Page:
Things that make you go hmmmm
For the 29th year in a row on Tuesday, NPR hosts, reporters, and commentators read the Declaration of Independence aloud to celebrate the Fourth of July. NPR also tweeted out the founding document, signed 241 years earlier, because not everyone listens to public radio. Some of those people, probably unaware of NPR's July 4 tradition, took some of the tweeted lines the wrong way, presumably mistaking the 1776 resistance against King George III for the "Resistance" opposed to President Trump's policies and agenda.
Others found the whole idea of reading the Declaration of Independence unbalanced, for unexplained reasons. Some of the commenters, when informed of their mistake, gamely took this as a learning experience.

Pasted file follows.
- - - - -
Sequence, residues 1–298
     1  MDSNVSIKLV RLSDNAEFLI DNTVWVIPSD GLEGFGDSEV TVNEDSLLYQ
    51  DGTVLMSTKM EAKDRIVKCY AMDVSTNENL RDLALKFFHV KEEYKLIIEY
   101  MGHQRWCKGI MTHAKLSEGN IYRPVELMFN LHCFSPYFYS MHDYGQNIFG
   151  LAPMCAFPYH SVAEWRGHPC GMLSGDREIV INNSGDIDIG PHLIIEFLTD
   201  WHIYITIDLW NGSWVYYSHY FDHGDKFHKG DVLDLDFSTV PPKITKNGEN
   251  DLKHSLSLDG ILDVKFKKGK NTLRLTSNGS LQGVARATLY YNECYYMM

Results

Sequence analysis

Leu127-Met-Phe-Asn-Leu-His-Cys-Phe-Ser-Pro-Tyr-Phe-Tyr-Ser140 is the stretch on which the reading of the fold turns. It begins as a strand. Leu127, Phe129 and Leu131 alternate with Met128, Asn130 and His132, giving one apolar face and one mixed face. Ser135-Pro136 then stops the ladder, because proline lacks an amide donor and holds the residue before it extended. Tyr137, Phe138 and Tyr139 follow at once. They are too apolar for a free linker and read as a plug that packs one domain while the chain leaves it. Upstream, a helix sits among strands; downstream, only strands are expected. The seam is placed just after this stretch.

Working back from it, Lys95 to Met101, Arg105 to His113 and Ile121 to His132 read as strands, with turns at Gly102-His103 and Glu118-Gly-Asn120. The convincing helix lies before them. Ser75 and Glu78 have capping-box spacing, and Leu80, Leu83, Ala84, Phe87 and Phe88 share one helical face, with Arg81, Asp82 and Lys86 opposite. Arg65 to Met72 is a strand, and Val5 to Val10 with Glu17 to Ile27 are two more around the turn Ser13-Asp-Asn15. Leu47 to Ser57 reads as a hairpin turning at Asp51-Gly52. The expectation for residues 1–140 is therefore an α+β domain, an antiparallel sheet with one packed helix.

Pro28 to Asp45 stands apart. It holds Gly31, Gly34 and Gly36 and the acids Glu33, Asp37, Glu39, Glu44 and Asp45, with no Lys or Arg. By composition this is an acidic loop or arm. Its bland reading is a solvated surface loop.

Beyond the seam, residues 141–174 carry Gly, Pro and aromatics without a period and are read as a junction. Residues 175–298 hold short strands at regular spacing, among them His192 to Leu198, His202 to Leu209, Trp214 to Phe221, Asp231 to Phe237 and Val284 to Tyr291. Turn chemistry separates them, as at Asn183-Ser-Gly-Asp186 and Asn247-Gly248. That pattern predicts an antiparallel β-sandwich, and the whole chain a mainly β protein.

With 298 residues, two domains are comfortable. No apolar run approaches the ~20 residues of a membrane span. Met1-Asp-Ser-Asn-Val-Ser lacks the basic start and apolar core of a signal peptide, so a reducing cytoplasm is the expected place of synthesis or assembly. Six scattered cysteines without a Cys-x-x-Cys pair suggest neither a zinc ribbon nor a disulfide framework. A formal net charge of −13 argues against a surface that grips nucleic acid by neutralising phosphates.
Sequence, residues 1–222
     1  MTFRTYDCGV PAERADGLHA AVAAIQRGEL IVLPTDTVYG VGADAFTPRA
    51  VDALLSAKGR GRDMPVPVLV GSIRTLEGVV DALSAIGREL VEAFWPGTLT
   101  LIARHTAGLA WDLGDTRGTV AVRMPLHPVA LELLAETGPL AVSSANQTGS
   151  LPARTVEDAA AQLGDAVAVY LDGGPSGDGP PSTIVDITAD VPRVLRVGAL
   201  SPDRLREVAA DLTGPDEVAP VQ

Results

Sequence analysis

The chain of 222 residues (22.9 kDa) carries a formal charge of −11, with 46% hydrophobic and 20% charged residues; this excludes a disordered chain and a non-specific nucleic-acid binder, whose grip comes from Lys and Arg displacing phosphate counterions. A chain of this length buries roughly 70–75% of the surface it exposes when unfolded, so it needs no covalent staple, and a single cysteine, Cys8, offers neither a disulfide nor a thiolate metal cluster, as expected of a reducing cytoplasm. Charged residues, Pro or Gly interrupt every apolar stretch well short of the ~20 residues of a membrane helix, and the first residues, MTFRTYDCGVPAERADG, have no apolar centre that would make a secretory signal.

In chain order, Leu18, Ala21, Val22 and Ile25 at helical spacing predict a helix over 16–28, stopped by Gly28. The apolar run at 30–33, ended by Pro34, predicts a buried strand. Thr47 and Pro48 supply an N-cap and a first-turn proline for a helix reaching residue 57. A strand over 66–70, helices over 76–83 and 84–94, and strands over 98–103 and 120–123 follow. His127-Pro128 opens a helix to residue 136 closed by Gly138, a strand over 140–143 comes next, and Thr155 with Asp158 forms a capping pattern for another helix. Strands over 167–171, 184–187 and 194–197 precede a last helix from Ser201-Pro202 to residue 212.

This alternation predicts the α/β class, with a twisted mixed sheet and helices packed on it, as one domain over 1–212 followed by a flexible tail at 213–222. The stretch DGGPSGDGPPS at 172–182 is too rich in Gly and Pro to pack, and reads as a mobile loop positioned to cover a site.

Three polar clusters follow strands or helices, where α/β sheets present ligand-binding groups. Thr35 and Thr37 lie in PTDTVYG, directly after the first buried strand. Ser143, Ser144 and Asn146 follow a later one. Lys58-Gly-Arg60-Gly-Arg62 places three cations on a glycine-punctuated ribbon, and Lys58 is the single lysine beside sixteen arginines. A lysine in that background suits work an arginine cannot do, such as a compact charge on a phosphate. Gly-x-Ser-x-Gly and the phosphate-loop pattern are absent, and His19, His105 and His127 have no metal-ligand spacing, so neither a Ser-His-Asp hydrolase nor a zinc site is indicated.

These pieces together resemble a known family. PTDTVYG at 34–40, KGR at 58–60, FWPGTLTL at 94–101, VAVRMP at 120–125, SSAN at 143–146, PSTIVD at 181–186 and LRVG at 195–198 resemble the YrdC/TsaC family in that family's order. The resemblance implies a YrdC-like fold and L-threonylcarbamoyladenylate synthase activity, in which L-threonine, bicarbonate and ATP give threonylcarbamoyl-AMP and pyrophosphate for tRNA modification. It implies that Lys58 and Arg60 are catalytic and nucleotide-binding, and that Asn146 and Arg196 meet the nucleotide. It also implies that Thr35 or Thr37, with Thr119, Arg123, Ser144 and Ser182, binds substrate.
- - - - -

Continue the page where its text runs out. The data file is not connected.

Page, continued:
And perhaps one of the lessons from the social media debacle is a reminder of just what a revolutionary declaration Thomas Jefferson wrote and delegates to the Continental Congress risked their lives to sign. Or you could take away the same conclusion Axios' David Nather reached when the Indiana GOP tried to solicit "horror stories" about ObamaCare, and it backfired: "The outcome was predictable, given how the internet works — you're never, ever just reaching like-minded people." Either way, you can read more awkward responses to NPR's attempt at civic engagement at BuzzFeed and HuffPost.